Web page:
Lesson 7 - Non-beginner discussion

This is the topic for any non-beginner discussion around lesson 7. It won’t be actively monitored by Jeremy or I tonight, but we will answer standing questions in here tomorrow (if needed).

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This is only loosely related to regularization, but I wonder if anybody has ever thought about implementing weight pruning procedures in fastai. Especially if you use L1 regularization, you can end up with quite a bit of near-zero weights.

Existing options (the tf2 optimization library, or the pytorch equivalent) stop short of the real goal: they allow to perform pruning, but then all the pruned parameters are just fixed to zero and not really removed from the model. So you don’t get any speed up by pruning this way (the GPU is just multiplying stuff by zero), except maybe you can cast some of the weights to integers but that’s tricky.

Instead, if one prune intelligently (for example, removing entire kernels in a CNN), the model could be greatly simplified by actually removing computation and leaving only or nearly-only the “winning lottery ticket”.

Is any of this being explored for fastai v2?

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Yes this is very interesting and I would love to see some related work in fastai v2. It shouldn’t be too hard, since PyTorch already has some functionality.

I am not sure this is necessarily true though. Often, we will result in a sparse network, which GPUs struggle with. So compute time and resources may be higher. I think this is still a field of active research.

Yeah, the resource you link is exactly what I was referring to.

If you prune intelligently, you CAN remove computation. It’s true that putting to zero weights here and there is gonna result in sparse operations that are very difficult to optimize. Howerver, for example in a CNN, if you remove an entire filter or even an entire kernel in a layer deep in the network and the relative feature map, as well as all forward connections depending on that, then this is a net gain: the GPU will not need to compute those convolutions nor any of the other operations depending on that feature map moving forward in the network

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Ah yes you are right! I didn’t properly read your post I guess. In that case, yes there would be speedups. I would love to see what is possible in that realm.

I have also read there are apparently also some potential hardware developments for dealing with sparse networks but that may take a few years to come to fruition.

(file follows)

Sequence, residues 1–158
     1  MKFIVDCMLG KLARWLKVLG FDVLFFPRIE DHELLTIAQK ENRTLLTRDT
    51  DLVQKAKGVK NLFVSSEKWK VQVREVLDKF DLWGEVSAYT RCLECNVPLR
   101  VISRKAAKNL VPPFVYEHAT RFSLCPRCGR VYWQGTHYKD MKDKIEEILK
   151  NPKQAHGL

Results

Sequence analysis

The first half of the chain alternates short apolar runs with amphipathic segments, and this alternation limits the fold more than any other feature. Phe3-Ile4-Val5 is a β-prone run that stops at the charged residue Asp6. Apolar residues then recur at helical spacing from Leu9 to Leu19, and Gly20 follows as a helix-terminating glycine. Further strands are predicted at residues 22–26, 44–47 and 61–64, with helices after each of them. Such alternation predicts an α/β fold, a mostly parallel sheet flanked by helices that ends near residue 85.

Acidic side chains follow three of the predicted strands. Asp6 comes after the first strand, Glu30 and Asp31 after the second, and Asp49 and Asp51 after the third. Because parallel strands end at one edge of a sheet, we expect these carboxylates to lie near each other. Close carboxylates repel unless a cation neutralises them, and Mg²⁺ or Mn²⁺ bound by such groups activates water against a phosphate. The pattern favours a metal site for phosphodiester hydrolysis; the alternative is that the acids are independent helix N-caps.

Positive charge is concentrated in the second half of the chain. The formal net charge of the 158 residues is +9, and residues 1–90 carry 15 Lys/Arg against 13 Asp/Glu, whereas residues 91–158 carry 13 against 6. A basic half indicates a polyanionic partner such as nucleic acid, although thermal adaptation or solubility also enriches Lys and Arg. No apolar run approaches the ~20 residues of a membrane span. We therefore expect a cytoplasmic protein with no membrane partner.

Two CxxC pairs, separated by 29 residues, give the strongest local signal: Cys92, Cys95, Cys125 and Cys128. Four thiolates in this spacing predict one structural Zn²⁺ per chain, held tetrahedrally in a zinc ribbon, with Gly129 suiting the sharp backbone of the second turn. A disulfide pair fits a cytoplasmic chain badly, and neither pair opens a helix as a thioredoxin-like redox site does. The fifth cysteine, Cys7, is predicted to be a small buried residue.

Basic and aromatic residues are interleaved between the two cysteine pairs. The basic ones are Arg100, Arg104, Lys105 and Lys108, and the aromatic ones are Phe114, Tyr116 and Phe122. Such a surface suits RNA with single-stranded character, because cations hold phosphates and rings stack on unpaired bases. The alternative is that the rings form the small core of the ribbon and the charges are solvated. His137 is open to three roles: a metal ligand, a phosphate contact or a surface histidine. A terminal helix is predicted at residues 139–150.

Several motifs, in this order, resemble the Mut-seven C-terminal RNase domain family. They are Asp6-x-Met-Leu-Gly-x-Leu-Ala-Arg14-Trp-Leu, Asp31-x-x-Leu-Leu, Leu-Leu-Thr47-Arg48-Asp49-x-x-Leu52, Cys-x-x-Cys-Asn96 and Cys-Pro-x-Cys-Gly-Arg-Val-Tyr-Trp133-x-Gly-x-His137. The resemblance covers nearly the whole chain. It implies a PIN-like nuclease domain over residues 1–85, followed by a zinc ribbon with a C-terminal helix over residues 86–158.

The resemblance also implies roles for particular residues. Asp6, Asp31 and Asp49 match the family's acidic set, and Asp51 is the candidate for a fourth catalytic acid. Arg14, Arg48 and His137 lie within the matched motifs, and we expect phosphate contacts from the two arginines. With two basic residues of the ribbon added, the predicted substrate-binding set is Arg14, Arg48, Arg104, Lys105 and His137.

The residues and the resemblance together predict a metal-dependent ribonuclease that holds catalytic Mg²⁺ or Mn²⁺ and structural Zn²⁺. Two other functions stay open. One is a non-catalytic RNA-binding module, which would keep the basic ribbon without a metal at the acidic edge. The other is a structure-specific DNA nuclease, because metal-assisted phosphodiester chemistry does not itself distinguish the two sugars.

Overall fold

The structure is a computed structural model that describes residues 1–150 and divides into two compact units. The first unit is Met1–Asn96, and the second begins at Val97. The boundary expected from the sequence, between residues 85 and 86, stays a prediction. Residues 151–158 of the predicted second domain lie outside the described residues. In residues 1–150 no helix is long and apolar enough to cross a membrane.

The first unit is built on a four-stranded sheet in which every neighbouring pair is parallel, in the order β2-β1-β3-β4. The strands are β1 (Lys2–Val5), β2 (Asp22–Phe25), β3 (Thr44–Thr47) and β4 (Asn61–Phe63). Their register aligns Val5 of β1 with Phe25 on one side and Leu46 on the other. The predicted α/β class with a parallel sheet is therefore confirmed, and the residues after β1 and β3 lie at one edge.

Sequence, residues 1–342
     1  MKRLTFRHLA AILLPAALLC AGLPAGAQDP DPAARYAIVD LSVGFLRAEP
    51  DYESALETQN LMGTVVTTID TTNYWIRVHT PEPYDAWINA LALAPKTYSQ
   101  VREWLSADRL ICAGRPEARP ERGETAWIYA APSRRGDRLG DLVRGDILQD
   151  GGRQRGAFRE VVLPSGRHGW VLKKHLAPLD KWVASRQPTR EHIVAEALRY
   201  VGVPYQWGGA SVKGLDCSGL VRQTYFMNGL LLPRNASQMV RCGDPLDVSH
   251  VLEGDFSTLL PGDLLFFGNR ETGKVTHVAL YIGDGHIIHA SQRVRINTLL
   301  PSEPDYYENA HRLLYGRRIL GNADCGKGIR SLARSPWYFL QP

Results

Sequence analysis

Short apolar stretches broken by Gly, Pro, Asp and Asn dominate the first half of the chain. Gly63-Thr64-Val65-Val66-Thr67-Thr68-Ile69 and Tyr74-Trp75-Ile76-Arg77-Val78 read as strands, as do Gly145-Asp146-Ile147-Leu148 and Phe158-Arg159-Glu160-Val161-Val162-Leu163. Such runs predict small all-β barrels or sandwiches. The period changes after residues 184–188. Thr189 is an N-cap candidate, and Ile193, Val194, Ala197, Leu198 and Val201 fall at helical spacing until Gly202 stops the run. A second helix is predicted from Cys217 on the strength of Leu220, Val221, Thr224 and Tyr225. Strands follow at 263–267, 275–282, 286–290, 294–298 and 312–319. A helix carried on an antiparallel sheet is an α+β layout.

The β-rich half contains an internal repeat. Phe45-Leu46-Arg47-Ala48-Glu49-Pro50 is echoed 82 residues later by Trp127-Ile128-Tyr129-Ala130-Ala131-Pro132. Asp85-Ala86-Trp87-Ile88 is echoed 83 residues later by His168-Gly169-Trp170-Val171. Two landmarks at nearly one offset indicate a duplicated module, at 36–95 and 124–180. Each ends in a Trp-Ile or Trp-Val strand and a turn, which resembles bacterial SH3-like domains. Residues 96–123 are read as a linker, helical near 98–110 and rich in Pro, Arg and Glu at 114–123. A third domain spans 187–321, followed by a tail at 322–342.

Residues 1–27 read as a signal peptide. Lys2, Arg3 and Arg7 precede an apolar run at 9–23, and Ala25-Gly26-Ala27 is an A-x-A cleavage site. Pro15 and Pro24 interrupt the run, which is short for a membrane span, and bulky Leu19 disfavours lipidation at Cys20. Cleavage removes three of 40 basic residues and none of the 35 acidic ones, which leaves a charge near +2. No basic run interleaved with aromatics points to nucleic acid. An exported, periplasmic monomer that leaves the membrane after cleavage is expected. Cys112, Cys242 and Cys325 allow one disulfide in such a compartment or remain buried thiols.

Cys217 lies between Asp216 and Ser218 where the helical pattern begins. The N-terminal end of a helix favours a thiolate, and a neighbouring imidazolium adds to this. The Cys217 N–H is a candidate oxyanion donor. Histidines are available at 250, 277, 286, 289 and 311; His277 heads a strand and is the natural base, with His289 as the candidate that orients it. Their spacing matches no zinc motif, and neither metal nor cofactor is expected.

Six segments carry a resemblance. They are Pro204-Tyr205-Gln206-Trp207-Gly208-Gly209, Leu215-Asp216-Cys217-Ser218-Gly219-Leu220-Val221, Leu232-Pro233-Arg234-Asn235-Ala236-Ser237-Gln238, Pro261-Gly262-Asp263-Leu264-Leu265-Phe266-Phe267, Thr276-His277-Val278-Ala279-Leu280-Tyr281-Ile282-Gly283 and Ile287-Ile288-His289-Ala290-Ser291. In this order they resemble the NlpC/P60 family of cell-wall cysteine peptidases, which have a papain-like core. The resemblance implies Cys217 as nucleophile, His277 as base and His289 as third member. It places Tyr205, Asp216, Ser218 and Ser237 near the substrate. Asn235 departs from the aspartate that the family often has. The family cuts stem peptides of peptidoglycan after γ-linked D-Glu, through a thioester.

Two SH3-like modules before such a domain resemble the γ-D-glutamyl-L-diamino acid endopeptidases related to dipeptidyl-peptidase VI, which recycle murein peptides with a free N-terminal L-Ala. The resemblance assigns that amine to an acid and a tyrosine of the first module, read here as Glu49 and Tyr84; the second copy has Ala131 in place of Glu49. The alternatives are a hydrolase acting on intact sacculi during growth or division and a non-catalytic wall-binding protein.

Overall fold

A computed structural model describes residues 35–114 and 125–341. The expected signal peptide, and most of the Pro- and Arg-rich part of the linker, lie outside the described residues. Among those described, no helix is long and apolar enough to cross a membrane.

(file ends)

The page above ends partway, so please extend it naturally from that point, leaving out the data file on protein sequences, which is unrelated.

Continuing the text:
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I am trying to build a classifier combining image data and tabular data. So far, I have a trained a resnet50 on rgb images to predict one of 783 classes.

In addition to the image dataset, I also have some tabular data which I would like to use. Namely, the country and zones (~continent) in which the images were taken. There are 188 countries and 8 zones. How could I add this information to the fully connected layer of resnet50 and fine-tune the model?

I can draw the process in my head but I struggle to code it in fastai2. Which should be my next steps?

Now that we have covered image and tabular I believe I should have all the ingredients to achieve it

  • Create a resnet backbone with create_body -> conv_nn
  • Create a simple NN for your tabular data with TabularModel -> tab_nn
  • Create a head with create_head that takes as input the (number of out features of you conv_nn) + (num of out features of your tab_nn) -> head
    ** You can get the number of features of conv_nn by using num_features_model(conv_nn)
  • Create a Module that receives both images and tab data in the forward method:
def forward(self, imgs, tab):
    x1 = self.conv_nn(imgs)
    x2 = self.tab_nn(tab)
    x = torch.cat((x1,x2))
    return self.head(x)
  • Create a Dataloader that returns (Image, TabData, Target)
    This is the hardest step, since fastai image dataloaders and tabular dataloaders work a bit differently. It would be great to have something like DataBlock((ImageBlock,<TabularBlock>,CategoryBlock)), but I’m not really sure what you would put in <TabularBlock>. I suggested you try to start with the low level Datasets API.

That is the girst of it, I hope that at least the networks explanation is clear. The dataloaders are very tricky indeed


THANKS A LOT Lucas! This is such an awesome reply :smiling_face_with_three_hearts: I will give it a try over the weekend!

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After watching lesson 7, I decided to watch fast.ai ML for coders and Jeremy recommends using %prun to see which lines of code take the longest to run. He also uses x = np.array(trn, dtype=np.float32) to speed up trying different versions of RF. I tried %prun with multiple n_jobs and it didn’t give a peek inside the individual process, so I tried it with 1 thread. 1 thread %prun yields {method ‘build’ of ‘sklearn.tree._tree.DepthFirstTreeBuilder’ objects} takes the longest to run. I checked fastai’s class Tabular for any mention of turning x into floats, and not sure if it does it automatically or if it is no longer relevant.